Steadfast FinancesHousing Double Dip Data Can No Longer Be Downplayed

Housing Double Dip Data Can No Longer Be Downplayed

Filed in Real Estate 7 comments

It’s ironic that regardless of all the hype around “green shoots” and hopium filled speeches to inspire investor confidence that real estate — when left to a solely organic recovery without any sort of government induced steroid-like stimulus program — will likely take years, if not decades, to get to 2006 real estate bubble prices.

The sad thing is that so many sources, both governmental and private industry, went out of their way to give everyone the “all is well” spiel while knowing it was anything but.

And the new homes sales data released today is just one more coffin nail. Then again, if you’ve been following the real estate topics covered on this blog, you knew that years ago.



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Posted by CJ   @   23 March 2011 7 comments
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7 Comments

Comments
Mar 24, 2011
3:16 am
#1 Richard :

Does this change how you’ll invest in lending club? it seems likely that information like this will affect people trying to pay back loans

Mar 24, 2011
8:51 am
#2 Matt SF :

Not really. I’ve been waiting for real estate to fall, and fall hard, since 2004, so it’s not a big shock. Which is one of the reasons I’m so big on looking for borrowers with secure jobs, been with the same employer for a long time, as well as checking the Q&A section for homeowners who are underwater.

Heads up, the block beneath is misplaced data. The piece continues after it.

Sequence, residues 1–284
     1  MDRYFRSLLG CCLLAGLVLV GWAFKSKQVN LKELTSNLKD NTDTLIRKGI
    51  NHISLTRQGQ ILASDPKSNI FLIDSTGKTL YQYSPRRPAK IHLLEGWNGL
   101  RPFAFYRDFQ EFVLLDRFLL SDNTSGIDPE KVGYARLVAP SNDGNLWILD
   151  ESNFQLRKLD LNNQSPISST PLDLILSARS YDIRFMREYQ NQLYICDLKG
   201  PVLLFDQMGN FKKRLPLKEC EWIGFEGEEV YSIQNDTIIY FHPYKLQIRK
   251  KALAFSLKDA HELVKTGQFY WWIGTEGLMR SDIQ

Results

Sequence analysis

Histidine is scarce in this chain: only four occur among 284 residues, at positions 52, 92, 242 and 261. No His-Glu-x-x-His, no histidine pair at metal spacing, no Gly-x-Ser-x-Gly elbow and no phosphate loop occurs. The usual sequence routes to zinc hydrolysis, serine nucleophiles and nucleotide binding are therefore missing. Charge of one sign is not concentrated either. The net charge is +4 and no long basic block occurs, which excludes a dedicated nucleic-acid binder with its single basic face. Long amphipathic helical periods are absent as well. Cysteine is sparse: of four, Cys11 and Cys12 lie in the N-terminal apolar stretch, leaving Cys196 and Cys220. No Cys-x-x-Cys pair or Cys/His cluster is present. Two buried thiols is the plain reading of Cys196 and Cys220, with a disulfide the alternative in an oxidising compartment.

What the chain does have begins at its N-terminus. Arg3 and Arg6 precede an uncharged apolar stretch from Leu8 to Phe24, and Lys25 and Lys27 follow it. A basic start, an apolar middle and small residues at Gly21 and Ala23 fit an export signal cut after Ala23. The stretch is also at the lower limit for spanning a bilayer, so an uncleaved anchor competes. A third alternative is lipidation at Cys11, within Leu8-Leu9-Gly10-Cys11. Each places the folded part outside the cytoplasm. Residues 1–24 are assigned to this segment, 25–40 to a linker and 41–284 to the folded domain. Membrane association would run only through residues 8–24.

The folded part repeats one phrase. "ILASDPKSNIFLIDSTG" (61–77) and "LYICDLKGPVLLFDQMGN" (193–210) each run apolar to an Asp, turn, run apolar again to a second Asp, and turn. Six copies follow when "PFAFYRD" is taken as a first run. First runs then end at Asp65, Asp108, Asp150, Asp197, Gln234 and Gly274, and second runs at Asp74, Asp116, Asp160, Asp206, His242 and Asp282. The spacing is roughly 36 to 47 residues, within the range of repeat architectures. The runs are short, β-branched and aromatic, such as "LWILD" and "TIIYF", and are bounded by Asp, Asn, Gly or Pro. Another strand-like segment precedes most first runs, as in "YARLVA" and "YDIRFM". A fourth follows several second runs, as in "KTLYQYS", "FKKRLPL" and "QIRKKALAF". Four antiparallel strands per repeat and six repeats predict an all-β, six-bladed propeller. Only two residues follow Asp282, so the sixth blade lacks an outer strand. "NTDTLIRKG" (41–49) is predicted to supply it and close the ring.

There are one or two investors who always ask “are you underwater?” or “how much do you owe on your mortgage & your home’s value on Zillow.com”. So you use their questions and then avoid them if that’s part of your strategy, and if the borrower is underwater by 10s of 1000s, then yes, I’ll look elsewhere.

Mar 24, 2011
10:46 pm
#3 Craig :

I live in Michigan where houses in Detroit are listed for $1 and not selling. There seems to be no end in sight here.

Mar 24, 2011
11:27 pm
#4 Matt SF :

That’s tough. The empathy in me feels for everyone involved, but the vulture investor in me wants to go hunting for those $1 houses now. Even if you rent it out for $100/month, you’re making a killing percentage wise.

Mar 25, 2011
10:32 am
#5 Dan B :

Except that the $1 houses come with a tax bill & require $20k+ worth of repairs since every conceivable thing down to the wiring has been stripped out of it. And once you have it all sorted out you better have someone ready to move in or you’ll be doing that whole routine over & over again. And it’s not just Detroit. Even it here in the Central Valley of California (Modesto, Stockton etc) these scenarios are playing out with the difference being that the houses aren’t at $1.

Mar 28, 2011
11:56 am
#6 Tomare Utsu Zo :

“will likely take years, if not decades, to get to 2006 real estate bubble prices.”

The irony in that statement is … I can’t even describe it. See, the political rhetoric for the .gov interventions that created the conditions for the bubble was basically, “Hey, we .gov’es can make housing affordable.” Well … housing sure is a lot cheaper. Though, I guess one might say they still failed at that because price is only one side of affordable, income is the other side.

Mar 28, 2011
6:55 pm
#7 Matt SF :

Few have been a harsher critic of the government intervention in the housing markets, and other so called “free markets”, as me, but I do see the irony in my former statement.

The real irony, at least from my vantage point, is the very thing that made the housing bubble possible — the credit bubble — is now being referred to as the savior to get us all out of the mess. In that respect, it’s like drug addict rehab: if you force them to go cold turkey, the shock will be so severe that it’s detrimental to the patient. Too bad few people have the confidence or the income to qualify (by conventional standards).

But in a few decades, I do see prices recovering to inflated levels. With the amount of inflation we’ll see in the coming years, prices will eventually respond upward.

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